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Tax implications of transferring property to children

by Scott Brown | Mar 14, 2014
  • Taxpayers are entitled to transfer ownership of assets to the value of up to £325,000 without paying inheritance tax (IHT), while assets worth more than that are subject to a whopping 40% IHT.
    Green monopoly house sitting on screws

    Many people transfer their properties over to their children in order to reduce their tax liability. But is this a wise move? It could be a way to reduce tax liability, but also comes with certain risks that should be taken into consideration.

    How is the transfer done?

    Gifting: The simplest option is to gift a property directly to a child or children, so that the value of the parent’s estate is reduced. The gift is given outright, so the original owner gives up any rights to share in proceeds or receive any kind of rental income from the property.

    Part gifting: This is where only a part of the property is gifted, leaving the original owner as a joint owner. Of course, part of the property also remains in the parent’s estate. 


    It’s important to understand the risks of transferring property into a child’s name.

    Loss of control: Whatever your reasons for transferring the property, once you do so – the house is no longer yours, meaning the new owner can paint it purple, rent it out to whoever they want or sell it – without your permission. If your child goes bankrupt, the property will form part of their estate and could be lost with absolutely no legal recourse available to you.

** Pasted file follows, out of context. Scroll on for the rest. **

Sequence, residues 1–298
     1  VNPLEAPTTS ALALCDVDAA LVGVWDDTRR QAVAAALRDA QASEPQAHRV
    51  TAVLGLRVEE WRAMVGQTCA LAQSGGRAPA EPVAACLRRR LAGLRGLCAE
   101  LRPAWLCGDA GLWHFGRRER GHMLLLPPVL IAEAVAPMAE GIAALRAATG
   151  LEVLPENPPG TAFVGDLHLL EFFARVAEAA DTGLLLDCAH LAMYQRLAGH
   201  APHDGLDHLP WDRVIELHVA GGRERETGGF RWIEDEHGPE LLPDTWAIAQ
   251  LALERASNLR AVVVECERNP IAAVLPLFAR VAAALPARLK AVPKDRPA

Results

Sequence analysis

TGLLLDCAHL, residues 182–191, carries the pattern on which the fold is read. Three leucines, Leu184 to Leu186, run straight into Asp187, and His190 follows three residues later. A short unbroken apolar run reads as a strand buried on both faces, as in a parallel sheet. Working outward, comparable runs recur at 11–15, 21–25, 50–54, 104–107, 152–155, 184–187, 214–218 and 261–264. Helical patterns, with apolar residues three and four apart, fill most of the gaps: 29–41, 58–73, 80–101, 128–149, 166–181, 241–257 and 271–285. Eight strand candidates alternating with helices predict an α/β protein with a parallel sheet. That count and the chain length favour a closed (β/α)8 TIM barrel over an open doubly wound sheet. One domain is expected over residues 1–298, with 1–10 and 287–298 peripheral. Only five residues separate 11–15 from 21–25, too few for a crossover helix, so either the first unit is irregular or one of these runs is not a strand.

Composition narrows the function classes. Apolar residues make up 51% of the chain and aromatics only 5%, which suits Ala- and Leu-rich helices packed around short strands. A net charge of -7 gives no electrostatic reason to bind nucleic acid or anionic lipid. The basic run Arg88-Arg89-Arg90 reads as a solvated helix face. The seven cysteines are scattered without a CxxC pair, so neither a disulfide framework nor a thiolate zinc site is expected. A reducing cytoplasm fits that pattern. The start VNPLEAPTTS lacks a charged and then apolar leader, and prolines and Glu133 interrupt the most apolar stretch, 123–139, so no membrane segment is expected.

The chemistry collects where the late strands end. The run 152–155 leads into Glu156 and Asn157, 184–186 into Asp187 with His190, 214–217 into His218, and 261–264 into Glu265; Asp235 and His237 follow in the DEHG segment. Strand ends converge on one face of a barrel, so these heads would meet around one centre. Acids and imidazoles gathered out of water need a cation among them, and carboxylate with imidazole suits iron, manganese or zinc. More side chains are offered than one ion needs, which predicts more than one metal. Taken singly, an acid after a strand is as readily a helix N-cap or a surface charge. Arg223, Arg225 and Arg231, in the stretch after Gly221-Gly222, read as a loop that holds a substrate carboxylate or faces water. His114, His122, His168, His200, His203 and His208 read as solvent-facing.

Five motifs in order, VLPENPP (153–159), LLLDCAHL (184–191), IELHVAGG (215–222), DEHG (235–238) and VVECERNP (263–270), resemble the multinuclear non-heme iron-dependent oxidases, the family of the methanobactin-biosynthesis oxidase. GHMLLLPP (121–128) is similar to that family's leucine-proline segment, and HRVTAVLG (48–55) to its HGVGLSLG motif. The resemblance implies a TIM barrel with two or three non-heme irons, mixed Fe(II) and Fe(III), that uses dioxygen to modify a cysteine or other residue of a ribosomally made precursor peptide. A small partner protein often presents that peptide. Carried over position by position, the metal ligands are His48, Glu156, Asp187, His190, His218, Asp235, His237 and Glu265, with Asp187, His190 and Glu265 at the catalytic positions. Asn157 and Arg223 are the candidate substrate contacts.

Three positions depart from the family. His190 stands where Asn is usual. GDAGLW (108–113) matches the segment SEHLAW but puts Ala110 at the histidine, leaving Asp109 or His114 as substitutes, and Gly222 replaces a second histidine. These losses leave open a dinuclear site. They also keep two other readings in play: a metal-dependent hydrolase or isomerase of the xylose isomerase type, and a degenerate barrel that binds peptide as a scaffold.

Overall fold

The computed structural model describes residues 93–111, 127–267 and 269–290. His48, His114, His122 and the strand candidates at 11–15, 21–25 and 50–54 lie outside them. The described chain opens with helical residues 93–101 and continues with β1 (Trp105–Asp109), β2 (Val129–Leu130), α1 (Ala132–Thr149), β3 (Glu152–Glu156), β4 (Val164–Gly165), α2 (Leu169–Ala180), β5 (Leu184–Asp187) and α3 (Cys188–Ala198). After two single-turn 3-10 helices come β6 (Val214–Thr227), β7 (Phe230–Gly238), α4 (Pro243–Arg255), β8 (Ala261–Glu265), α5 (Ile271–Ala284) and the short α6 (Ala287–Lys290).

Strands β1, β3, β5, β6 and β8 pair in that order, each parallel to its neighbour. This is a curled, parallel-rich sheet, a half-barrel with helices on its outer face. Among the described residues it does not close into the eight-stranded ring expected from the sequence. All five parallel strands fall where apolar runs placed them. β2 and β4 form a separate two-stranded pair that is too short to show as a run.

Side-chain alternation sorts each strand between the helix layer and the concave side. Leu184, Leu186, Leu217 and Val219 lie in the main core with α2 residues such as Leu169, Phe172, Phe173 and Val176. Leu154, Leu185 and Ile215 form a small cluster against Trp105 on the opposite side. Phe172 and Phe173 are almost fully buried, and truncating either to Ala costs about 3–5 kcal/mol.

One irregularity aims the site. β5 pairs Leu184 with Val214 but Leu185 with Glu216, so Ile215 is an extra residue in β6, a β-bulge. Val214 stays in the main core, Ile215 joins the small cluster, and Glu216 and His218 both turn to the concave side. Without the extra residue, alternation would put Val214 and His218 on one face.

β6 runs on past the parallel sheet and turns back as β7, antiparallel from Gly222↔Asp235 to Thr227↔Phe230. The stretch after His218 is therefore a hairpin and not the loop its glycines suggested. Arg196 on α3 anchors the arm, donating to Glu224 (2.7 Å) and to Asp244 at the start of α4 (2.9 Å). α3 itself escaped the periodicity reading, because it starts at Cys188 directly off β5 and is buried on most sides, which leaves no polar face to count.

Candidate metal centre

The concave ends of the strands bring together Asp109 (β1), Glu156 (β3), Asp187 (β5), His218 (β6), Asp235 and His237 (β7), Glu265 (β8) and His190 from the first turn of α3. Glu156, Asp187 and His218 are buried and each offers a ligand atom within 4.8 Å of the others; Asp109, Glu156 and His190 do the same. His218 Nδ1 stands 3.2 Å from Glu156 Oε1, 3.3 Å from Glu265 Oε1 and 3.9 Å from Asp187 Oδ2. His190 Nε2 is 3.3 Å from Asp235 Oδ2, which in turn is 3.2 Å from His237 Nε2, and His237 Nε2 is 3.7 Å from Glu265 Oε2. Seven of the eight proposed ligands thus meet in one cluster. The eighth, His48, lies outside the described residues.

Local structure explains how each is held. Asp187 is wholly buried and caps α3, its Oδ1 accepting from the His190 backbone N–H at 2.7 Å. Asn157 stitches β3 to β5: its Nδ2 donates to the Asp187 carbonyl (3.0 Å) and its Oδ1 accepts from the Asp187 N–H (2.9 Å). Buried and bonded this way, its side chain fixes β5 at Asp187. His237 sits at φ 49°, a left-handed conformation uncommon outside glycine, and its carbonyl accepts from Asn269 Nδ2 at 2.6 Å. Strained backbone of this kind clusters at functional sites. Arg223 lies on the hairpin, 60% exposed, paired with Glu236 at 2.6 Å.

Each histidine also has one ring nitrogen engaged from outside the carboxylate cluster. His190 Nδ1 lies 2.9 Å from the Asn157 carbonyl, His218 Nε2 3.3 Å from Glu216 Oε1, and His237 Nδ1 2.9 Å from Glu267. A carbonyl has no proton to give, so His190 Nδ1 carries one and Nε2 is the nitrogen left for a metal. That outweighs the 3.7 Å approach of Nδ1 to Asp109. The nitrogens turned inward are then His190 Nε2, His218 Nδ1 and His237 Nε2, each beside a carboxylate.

Capital Gains Tax: It is important that you take capital gains tax into consideration. This is charged when an asset classed as an investment goes up in value. If your children are not living in your property when you transfer it into their names it will be subject to capital gains tax when they want to sell it. This means that if the property increases in value after being transferred over to your children, they may then be liable to pay tax on it.

    Income tax: Should the child rent out the property – either to the parent or someone else, they would be receiving an income from the property and would need to declare this to Inland Revenue.

    Avoidance Inspectors: One of the common reasons that people transfer property to their children is to avoid having to sell their home to pay for care fees. But avoidance inspectors are going through financial records to find evidence of attempts to conceal wealth and shelter the property from the council care calculation. They can reverse the transfer of ownership so that it is included in the test for funding or demand the money be paid from somewhere, putting the owner in a tricky predicament.

    If the child receiving the rental income is under the age of 18, the income will deemed to be taxable income for the parent and may not therefore reduce the income tax liability.

    Any change in ownership needs to be registered with the Land Registry.

    If you're looking for more information on transferring of property and the tax implications involved, please visit our Accounting section.

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